As a teenager, it’s natural to want to fit in. Keeping food simple was one way to do that. Simple is good but when you’re an ethnic kid, simple is never what you get. Sure, pizza, burgers (sans veggies), fries, chocolate shakes, coca-cola were consistently on my mind and in my stomach but meat and potatoes kind of food with simple seasonings like salt and pepper wouldn’t be the only dishes on display. I may have grown up poor financially but the food was always rich. In flavor, in texture, in culture. Mom created delicacies that people in this day in age can’t get enough of. Moussaka, stuffed grape leaves, orzo stew, and lamb. Did I try to prevent my Mom from packing those lunches for me? Yes. Did I eventually bring them to school? Yup. Did I make new friends doing so? Not really.
These aromas not only filled my high school cafeteria – made it smell better that’s for sure – but our apartment as well. So authentic, they would instantly transport any guests we had to Greece. Salt and pepper? Sure, as a base. In our apartment, lemon, garlic, clove, oregano, mint, and honey filled the air. But it wasn’t just us who appreciated the creation of ethnic food.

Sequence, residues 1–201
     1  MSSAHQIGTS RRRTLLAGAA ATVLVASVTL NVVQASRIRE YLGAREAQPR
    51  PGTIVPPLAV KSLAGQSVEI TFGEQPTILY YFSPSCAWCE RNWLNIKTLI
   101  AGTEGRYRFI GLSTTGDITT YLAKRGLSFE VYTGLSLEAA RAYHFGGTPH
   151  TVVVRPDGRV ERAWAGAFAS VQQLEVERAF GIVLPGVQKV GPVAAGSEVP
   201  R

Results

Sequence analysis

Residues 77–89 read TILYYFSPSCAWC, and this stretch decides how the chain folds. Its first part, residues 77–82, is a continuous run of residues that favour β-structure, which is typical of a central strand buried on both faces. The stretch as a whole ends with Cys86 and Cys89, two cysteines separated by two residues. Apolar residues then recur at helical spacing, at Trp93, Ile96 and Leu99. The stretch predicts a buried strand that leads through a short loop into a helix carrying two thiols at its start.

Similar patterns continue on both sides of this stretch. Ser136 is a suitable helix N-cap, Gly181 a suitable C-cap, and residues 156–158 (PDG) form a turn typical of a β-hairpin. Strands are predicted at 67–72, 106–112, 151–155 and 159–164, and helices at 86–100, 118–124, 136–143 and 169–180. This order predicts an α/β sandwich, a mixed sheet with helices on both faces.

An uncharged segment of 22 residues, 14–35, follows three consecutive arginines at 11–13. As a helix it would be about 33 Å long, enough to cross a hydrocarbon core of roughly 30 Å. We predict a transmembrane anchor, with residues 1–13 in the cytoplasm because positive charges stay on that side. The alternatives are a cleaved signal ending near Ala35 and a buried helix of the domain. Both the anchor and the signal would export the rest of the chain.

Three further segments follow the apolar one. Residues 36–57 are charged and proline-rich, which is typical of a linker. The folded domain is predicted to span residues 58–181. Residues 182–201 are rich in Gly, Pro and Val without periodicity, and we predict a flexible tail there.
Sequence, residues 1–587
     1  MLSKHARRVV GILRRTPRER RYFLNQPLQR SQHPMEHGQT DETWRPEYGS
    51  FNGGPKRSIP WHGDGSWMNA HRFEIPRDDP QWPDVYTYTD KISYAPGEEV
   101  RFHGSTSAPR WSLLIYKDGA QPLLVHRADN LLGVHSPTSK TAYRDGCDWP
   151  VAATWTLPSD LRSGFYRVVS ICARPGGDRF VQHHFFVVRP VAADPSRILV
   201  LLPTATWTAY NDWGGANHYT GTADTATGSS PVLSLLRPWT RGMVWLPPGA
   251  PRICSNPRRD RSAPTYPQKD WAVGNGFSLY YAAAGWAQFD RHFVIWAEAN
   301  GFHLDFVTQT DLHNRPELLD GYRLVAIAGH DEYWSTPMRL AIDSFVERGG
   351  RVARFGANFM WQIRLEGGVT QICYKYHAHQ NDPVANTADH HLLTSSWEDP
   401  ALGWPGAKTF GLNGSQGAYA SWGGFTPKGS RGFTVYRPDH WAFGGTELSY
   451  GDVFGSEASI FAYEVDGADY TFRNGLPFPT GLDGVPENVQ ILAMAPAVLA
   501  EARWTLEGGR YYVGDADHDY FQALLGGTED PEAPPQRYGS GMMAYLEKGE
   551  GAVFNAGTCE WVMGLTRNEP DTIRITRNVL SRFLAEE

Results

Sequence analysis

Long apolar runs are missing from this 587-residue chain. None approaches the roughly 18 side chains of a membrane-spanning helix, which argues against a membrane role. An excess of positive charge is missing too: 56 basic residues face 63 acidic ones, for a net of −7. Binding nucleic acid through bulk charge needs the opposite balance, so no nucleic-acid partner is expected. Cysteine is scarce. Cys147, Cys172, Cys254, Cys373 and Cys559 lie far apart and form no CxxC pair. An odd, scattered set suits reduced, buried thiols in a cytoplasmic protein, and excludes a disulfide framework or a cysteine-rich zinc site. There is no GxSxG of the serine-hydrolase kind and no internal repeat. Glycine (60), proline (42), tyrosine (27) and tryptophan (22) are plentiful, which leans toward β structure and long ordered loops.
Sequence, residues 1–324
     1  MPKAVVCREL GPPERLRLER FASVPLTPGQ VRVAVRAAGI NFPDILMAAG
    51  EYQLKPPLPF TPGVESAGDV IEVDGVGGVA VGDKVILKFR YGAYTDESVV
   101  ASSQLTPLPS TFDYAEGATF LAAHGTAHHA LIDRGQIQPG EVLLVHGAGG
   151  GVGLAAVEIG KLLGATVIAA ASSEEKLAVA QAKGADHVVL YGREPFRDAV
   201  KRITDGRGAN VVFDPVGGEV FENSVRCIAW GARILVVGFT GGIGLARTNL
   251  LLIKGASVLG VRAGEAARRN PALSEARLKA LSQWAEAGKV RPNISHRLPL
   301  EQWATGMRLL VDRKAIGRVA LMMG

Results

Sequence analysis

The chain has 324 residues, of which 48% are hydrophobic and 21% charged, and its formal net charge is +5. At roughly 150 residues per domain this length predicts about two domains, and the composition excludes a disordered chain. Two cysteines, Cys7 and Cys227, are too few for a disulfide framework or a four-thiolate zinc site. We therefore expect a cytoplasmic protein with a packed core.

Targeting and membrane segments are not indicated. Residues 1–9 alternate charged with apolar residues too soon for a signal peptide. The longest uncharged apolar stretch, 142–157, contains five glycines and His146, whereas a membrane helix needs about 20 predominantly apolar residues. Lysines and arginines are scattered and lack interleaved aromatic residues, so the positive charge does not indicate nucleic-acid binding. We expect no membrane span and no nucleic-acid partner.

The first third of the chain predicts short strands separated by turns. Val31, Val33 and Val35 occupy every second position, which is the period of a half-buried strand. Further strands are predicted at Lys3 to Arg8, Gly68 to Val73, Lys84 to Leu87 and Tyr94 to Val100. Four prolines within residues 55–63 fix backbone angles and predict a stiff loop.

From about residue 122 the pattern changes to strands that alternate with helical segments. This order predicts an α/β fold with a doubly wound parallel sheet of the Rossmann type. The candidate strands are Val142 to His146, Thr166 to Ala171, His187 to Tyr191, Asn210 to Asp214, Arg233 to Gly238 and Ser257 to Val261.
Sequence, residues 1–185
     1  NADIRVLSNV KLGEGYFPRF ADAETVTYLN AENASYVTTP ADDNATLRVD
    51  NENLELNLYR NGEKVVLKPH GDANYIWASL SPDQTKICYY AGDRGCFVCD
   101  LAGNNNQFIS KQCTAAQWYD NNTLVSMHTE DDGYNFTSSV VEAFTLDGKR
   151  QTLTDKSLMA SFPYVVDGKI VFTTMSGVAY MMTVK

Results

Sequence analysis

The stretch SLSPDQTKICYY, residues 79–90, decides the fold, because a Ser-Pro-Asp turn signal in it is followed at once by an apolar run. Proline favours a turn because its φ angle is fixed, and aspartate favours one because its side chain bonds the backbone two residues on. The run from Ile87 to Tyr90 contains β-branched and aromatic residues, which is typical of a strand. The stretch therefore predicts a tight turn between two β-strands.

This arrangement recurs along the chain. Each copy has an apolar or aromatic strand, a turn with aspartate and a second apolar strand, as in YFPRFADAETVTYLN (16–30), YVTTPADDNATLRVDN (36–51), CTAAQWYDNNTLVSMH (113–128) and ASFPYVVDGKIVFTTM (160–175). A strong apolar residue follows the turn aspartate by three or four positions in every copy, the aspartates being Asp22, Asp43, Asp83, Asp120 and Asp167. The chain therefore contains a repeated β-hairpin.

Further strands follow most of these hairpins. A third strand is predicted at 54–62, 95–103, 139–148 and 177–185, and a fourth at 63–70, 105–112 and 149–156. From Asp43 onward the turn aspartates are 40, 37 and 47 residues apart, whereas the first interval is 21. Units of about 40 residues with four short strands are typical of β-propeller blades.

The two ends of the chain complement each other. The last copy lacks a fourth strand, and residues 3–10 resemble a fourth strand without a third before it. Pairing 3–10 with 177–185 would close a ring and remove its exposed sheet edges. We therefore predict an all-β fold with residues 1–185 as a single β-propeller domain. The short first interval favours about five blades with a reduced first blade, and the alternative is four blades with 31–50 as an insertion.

My apartment building housed about 500 people. They were from all over the world, living, and cooking side by side. As a result, incredibly, the air throughout the entire building was filled with a mix of aromas – from salt to saffron, juniper to jerk. The building was 21 stories high so you can imagine the combo of possibilities. We had four elevators, two of which seemed to work consistently. Often packed, they painstakingly stopped at almost every floor to let people off and on. Living on 19, my ride home was often the longest. And you could bet that every time those elevator doors opened, you’d be hit – like an aromatic brick wall – with a variety of different cultural meals dancing in the air together. Some smelled great, others not so much.